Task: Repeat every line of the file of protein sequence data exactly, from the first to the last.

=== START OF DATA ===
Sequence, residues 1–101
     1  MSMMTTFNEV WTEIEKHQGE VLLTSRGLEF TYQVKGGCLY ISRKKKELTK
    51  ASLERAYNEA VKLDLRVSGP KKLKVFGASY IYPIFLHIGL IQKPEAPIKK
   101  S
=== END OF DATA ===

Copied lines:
Sequence, residues 1–101
     1  MSMMTTFNEV WTEIEKHQGE VLLTSRGLEF TYQVKGGCLY ISRKKKELTK
    51  ASLERAYNEA VKLDLRVSGP KKLKVFGASY IYPIFLHIGL IQKPEAPIKK
   101  S